"Taking the road for climate protection is new to me"
Christina Gueye, 41, educator © Lena Mucha for ZEIT ONLINE
"I've demonstrated against rent increases and striked for higher education salaries, but taking to the streets for climate protection is new to me, as I was at my sister's wedding in Mozambique at the beginning of the year, shortly after that terrible natural disaster. Cyclone Idai - something like that should not be repeated - on a small scale, I contribute to this in my day-care center - we use recycled paper, do without plastic, and divert garbage - and today I demonstrate, so that politics can make a difference.
"If you want to achieve something, it has to hurt a bit"
Frederik Leidloff, 32, father from Berlin © Lena Mucha for ZEIT ONLINE
Actually, we wanted to go to Brandenburg on a small family holiday today, but that will have to be postponed to be able to take part in the strike, so if you want to protect the climate, it also has to hurt a bit Otherwise nothing will change, we will not eat meat at home, we will use green electricity, we will even have gone by train to Portugal to go on vacation, and tomorrow we will be traveling by train again, starting with small steps . "
"Even my grandma is thinking about it now"
Signe Heins, 29, student from Berlin
For years, nothing has changed in this field, but now something is changing, everyone is talking about climate change, even my grandma is thinking about it now, you're doing something with a future, she said to me recently. But I do not just want to study change, but I also want to make a difference in my everyday life - we still take our holidays by train or bicycle - so that my children will eventually have a planet to live on. "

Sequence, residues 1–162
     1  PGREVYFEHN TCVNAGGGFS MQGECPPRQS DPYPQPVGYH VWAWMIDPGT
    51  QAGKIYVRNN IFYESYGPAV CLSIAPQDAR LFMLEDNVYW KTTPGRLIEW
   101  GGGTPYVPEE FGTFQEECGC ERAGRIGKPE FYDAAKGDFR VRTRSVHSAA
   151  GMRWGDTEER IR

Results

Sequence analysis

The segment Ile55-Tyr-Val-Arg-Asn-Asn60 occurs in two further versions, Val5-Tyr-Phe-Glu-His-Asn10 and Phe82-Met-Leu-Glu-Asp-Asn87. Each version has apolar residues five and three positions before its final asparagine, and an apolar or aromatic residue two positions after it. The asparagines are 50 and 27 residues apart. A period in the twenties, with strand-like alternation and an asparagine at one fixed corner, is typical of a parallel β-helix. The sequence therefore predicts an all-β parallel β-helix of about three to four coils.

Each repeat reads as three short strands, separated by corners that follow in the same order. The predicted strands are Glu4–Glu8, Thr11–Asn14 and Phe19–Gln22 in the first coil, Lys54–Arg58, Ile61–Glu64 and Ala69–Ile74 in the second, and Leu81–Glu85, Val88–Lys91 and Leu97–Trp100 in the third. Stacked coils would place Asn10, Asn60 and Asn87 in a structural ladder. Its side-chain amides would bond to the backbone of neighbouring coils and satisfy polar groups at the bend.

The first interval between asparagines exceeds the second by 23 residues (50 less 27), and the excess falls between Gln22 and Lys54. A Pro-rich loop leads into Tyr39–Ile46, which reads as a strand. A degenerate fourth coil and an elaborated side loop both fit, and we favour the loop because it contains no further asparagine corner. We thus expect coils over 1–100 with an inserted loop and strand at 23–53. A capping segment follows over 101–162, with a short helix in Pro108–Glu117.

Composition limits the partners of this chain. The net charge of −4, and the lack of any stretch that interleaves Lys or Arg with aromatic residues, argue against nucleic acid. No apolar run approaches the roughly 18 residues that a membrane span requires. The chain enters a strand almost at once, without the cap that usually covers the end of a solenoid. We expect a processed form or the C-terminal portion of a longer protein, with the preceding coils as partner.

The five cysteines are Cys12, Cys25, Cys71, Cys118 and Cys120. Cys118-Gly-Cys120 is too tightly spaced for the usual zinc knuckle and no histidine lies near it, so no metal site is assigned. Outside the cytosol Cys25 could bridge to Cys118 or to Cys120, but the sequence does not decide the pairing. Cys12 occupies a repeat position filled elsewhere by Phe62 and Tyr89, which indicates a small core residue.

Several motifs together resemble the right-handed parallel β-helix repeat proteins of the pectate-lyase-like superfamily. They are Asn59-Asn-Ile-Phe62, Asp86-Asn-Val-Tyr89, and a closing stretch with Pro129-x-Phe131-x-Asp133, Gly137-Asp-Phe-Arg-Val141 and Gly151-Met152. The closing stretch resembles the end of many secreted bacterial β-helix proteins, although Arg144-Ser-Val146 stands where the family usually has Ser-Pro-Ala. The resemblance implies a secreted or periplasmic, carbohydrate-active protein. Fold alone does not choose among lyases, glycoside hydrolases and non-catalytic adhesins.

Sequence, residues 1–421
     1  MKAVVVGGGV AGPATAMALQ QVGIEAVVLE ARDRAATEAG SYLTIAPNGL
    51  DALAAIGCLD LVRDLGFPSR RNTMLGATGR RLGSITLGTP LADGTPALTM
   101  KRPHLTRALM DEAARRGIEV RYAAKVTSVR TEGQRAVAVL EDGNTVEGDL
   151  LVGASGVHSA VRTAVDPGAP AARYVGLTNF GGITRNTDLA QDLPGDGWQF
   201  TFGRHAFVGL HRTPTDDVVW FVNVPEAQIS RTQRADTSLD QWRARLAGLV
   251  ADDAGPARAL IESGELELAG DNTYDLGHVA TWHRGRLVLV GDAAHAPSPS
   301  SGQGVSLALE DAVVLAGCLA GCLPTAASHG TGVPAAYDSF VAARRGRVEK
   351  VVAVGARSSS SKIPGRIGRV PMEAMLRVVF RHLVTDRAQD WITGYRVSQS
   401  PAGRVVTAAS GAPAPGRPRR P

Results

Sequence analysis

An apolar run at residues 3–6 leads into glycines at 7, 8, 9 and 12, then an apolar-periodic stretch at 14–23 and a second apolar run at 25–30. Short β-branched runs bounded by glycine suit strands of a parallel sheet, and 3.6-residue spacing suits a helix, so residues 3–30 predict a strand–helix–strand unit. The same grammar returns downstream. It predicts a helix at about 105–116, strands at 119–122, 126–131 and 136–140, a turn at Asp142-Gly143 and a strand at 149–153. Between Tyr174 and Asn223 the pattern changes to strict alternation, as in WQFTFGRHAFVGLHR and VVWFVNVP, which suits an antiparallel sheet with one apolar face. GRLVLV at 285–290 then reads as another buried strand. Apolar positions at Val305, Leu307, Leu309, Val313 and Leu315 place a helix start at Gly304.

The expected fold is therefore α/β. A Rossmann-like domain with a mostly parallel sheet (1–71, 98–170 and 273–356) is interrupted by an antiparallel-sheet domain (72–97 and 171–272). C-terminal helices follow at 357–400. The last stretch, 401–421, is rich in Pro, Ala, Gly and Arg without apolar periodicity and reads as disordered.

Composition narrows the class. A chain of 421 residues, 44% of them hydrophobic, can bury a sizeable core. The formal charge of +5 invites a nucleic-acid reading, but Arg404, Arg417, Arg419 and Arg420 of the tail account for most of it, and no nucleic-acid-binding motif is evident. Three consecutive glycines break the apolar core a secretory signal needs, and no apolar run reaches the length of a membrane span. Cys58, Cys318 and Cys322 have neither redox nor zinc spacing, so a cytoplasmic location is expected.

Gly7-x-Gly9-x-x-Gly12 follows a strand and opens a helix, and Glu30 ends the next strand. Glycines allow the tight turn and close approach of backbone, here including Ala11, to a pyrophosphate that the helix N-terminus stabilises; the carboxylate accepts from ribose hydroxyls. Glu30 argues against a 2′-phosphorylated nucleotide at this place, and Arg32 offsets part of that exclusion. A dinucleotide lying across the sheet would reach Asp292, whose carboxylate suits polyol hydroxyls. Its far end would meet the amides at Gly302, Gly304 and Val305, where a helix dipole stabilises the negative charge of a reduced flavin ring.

"In my native Australia, climate standstill prevails"
Luv Sood, 23, from Sydney and visiting Berlin © Lena Mucha for ZEIT ONLINE
"Today, tens of thousands of young people have taken to the streets in Sydney, so I could not be in and take part in Berlin today." The climate strike is an international movement, I am part of a global action, and that is the only way to put enough pressure on the world The government in my native Australia is a good place to watch, and there is still a lot to be done. "In my country there is a climate stagnation, politics is doing very little to address climate change, I study mechanical engineering and see every day how resources are wasted in industry. At the same time, despite having a bad conscience, I flew to Germany, I have to improve, politics has to do it, maybe demonstrations like this can change our awareness. "
"The government must act"
Samuel Engel, 25, student from Berlin © Lena Mucha for ZEIT ONLINE
"I've been to Fridays for Future demonstrations, but this is something special, the strike is a global event, we all have to act, so I live vegan, do not drive a car, avoid packaging waste, and at the same time know that The government has to act, but maybe many individuals can do something together, like today, and I hope that will be heard in the Chancellery as well. "
"We have severely restricted business travel"
Alexander Paul, 49, architect from Berlin
"I work as an architect, a few years ago, in my industry, they did not believe in climate-friendly construction, today we are implementing zero emissions-free construction projects out of conviction, business travel has been severely curtailed, and flights are an important part of our environmental footprints In private, I already eat less meat, next I want to buy an electric car, everyone can do their bit to save the planet. "